(note: This is the second in the “student development 101” series that used to live on the RCblog and is reposted here. Aimed at the parents of the young men I work with, please forgive the masculine pronouns…I’m on a deadline. jb)

Think for a moment about teaching a child to tie their shoes. If you hand the child a pair of Nike’s and say, “Here, kid, lace ‘em up,” they will probably give it a try, but quickly give up in frustration. On the other hand, if you tie their shoes for them every time without asking them to give it a try (and help them through the process), you will likely still need to tie their shoes during their first year of college!

Many learning experiences incorporate a balance between challenge (”Here, kid, lace ‘em up!”) and support (”let me tie them for you…”). Sanford (1962) found that college students go through significant personal growth and development, much of which is influenced by the college environment itself (that includes what goes on in the classroom as well as what goes on outside of the classroom). He believed that for growth and personal development to occur, a student needs to have a challenge/support balance.

The basic idea of this theory is that for growth to occur, a person needs a balanced amount of challenge and support as appropriate for the task. Take a look at the figure below, which illustrates the impact of imbalance. Too much support (A), and the student will never really learn what they need to grow and develop…too much challenge (B), and the student will become frustrated and possibly quit trying.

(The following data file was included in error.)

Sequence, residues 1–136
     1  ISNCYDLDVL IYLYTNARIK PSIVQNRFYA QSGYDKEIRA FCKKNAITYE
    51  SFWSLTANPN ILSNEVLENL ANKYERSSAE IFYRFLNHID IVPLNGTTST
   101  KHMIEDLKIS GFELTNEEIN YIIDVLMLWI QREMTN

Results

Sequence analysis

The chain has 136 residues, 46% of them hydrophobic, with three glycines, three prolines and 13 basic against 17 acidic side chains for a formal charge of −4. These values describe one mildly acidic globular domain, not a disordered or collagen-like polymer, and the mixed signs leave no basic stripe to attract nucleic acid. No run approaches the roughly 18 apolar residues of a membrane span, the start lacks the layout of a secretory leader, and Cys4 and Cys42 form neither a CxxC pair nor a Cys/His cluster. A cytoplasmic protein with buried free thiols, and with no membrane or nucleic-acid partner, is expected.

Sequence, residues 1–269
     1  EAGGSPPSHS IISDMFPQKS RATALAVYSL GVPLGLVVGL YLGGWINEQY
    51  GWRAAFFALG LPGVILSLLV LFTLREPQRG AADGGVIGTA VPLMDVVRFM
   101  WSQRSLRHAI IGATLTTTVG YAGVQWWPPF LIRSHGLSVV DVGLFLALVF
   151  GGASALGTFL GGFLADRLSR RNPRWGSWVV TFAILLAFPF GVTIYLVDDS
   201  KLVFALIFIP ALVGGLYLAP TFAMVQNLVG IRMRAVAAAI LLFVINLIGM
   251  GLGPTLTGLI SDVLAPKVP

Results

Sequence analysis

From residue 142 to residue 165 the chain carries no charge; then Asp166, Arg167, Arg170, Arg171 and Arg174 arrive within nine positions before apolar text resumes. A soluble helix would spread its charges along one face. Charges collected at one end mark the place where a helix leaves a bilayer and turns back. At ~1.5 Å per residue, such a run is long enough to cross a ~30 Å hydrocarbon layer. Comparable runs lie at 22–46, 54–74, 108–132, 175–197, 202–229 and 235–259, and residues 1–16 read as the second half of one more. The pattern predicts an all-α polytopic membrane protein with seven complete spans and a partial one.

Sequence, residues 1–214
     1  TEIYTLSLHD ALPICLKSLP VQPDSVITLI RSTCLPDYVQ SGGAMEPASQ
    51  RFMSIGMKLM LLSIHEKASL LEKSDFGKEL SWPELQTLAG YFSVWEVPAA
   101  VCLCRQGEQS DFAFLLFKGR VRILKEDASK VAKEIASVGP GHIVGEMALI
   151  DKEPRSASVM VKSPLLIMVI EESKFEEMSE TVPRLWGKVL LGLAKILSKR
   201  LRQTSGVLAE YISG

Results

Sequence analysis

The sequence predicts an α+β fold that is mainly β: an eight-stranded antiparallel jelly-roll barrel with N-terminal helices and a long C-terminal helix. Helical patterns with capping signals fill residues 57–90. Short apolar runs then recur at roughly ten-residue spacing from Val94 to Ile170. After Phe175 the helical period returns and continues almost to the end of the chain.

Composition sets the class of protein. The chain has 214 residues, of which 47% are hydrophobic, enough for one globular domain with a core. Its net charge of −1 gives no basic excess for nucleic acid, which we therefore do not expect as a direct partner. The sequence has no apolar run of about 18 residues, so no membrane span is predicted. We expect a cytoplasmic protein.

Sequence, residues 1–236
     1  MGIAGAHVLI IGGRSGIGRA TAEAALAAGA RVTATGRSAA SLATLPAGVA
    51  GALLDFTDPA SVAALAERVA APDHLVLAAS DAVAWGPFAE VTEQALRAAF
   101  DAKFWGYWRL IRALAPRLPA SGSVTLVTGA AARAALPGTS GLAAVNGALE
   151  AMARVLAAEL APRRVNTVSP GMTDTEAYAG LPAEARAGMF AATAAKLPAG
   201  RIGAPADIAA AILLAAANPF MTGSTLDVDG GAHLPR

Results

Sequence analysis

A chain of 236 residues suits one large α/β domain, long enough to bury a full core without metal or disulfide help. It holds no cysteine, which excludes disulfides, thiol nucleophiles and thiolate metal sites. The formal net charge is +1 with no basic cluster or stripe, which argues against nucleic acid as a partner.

A third factor of this model that Sanford added in 1966 is the element of readiness. Simply put, an individual cannot grow until they are physically or psychologically ready to grow. For example, introducing quantum physics to a third grader is probably not a great idea…he/she is simply not ready for it (if they are, I’m sure our admission’s office would like to meet them!).

How does all of this relate to the real world? The college experience is one of the greatest periods of growth in a young person’s life. For that growth to occur, each of our students need to be challenged (and supported) appropriately through a variety of experiences, both inside and out of the classroom. Some of these experiences may be unpleasant, like a failing grade in a class. Challenge and support does not imply that the student will never experience failure or negative consequences, but what it does imply is that when those consequences take place, there will be individuals and processes in place to support the student as they learn from the experience.

Support comes from a lot of places, including faculty, dean’s office staff, peers, and parents & families. A major component of that support comes from the encouragement we all give to the student to keep trying and to ask for help.

Sanford, N. (1962). The American college. New York: Wiley.
Sanford, N. (1966). Self and society: Social change and individual development. New York: Atherton.